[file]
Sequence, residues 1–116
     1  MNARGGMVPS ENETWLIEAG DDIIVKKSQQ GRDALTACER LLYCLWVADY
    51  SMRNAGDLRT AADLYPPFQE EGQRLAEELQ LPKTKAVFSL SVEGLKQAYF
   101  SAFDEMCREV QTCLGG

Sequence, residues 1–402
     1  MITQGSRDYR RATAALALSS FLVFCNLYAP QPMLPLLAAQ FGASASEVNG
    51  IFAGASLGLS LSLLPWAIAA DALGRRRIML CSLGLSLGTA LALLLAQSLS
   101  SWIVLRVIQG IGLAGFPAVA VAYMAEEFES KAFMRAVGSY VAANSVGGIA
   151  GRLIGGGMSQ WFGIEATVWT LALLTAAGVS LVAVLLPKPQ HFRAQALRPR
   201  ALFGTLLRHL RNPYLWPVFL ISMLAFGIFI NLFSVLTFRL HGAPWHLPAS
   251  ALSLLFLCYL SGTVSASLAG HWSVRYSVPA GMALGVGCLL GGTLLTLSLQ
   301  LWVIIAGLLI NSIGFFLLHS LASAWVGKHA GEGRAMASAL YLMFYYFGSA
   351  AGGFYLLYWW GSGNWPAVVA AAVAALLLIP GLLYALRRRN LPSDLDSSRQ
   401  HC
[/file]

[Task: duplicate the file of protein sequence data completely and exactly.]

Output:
Sequence, residues 1–116
     1  MNARGGMVPS ENETWLIEAG DDIIVKKSQQ GRDALTACER LLYCLWVADY
    51  SMRNAGDLRT AADLYPPFQE EGQRLAEELQ LPKTKAVFSL SVEGLKQAYF
   101  SAFDEMCREV QTCLGG

Sequence, residues 1–402
     1  MITQGSRDYR RATAALALSS FLVFCNLYAP QPMLPLLAAQ FGASASEVNG
    51  IFAGASLGLS LSLLPWAIAA DALGRRRIML CSLGLSLGTA LALLLAQSLS
   101  SWIVLRVIQG IGLAGFPAVA VAYMAEEFES KAFMRAVGSY VAANSVGGIA
   151  GRLIGGGMSQ WFGIEATVWT LALLTAAGVS LVAVLLPKPQ HFRAQALRPR
   201  ALFGTLLRHL RNPYLWPVFL ISMLAFGIFI NLFSVLTFRL HGAPWHLPAS
   251  ALSLLFLCYL SGTVSASLAG HWSVRYSVPA GMALGVGCLL GGTLLTLSLQ
   301  LWVIIAGLLI NSIGFFLLHS LASAWVGKHA GEGRAMASAL YLMFYYFGSA
   351  AGGFYLLYWW GSGNWPAVVA AAVAALLLIP GLLYALRRRN LPSDLDSSRQ
   401  HC